- käibetõde rule of thumb
pesukurikas washing paddle, laundry bat
töölisklass working class
verest välja lööma to frighten, fill with fear; to be frightened
Eelroaks serveeriti kala, ja külaline alustas vestlust nii: "Minu suhte töölisklassiga määras eluks ajaks fakt, et kuni kaheksateistkümnenda eluaastani sõin ma iga päev õhtuks krevetti." Kui ma oleksin humorist, kirjutaksin, et nuga, millega ma kala sõin, läks mulle kurke. Fakt on see, et ülesanne lõi mind verest välja: kui tõlgiksin selle sõna-sõnalt, teeksin prohmaka. See, mis Jaapanis on proletariaadi toit, on Ungaris luksusbankettide hõrgutis! Käesolevaga palun vabandust kõikidelt sõnaraamatutoimetajatelt: ma olin sunnitud selle edasi andma nii, et "kaheksateistkümnenda eluaastani sõin ma hommikuti jahusuppi."
Fish was served as an appetizer, and the guest started the conversation like this: "My relationship with the working class was determined for life by the fact that I ate shrimp every day for dinner until I was eighteen years old." If I were a humorist, I would write that the knife that I used to eat the fish got stuck in my throat. The fact is that the task made my blood run cold: if I were to translate it word-for-word, I would commit a blunder. That which is working-class food in Japan is a luxurious banquet delicacy in Hungary! With this I hereby ask forgiveness from all dictionary editors: I was forced to express this as "until I was eighteen years old I ate flour soup each morning."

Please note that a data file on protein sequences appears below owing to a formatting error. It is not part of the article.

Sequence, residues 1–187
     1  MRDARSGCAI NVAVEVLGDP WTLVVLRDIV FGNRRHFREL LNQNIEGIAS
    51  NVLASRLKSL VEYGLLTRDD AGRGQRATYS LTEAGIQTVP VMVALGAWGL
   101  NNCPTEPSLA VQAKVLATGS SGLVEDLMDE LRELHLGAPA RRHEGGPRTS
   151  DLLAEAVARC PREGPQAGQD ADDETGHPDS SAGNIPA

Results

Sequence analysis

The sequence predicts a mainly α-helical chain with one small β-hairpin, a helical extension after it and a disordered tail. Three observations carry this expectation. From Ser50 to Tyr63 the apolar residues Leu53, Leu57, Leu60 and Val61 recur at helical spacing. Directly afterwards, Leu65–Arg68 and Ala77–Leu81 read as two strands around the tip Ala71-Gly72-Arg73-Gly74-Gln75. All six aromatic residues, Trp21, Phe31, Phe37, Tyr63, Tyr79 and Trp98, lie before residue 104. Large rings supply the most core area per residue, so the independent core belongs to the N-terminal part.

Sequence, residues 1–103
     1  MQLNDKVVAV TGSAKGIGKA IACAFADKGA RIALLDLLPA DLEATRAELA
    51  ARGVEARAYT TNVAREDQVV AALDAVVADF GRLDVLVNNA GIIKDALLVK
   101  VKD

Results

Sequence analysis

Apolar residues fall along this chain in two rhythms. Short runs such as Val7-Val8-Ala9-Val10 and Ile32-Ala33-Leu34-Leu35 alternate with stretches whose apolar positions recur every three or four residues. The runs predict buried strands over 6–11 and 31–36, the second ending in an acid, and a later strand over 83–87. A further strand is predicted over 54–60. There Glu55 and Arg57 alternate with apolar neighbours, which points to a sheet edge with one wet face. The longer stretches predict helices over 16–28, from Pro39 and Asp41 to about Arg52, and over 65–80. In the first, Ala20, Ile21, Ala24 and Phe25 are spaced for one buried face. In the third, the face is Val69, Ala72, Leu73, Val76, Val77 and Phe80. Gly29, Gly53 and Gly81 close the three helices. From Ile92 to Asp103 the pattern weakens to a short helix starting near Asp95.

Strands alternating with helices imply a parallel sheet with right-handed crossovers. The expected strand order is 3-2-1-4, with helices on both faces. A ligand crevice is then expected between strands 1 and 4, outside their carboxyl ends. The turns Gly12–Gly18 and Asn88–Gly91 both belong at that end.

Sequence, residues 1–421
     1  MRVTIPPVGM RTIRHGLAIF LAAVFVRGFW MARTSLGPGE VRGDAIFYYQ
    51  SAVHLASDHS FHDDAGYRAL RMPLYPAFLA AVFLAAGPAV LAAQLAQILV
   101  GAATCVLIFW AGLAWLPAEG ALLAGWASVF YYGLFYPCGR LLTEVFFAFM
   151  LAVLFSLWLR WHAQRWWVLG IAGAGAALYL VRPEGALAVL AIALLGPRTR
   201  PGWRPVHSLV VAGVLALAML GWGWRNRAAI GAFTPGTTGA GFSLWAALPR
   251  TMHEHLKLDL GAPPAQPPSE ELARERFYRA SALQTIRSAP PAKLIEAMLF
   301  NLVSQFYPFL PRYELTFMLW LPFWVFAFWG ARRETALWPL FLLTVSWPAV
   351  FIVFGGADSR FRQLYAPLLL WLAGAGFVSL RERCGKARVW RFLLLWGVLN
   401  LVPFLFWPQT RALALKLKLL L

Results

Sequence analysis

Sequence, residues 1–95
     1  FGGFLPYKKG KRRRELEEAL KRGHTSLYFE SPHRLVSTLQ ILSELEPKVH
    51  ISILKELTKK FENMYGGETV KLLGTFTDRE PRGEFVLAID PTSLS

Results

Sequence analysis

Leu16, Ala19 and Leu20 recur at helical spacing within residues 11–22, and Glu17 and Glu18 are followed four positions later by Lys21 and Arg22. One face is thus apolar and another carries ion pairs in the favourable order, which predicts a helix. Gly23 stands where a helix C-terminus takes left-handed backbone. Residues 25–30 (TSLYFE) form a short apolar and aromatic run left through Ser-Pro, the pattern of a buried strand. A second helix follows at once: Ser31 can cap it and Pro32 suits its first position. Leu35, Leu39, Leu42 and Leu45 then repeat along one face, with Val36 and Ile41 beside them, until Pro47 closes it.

(Reading this in Estonian about the cultural differences involved in a Japanese-to-Hungarian translation, and then translating it from Estonian to English, makes me wonder how it was originally written in Hungarian as well, or how it was translated from Hungarian to English or Japanese for those editions of the book, etc., since, for example, my Estonian-to-English translation means it now involves four different languages and cultures rather than the original two.)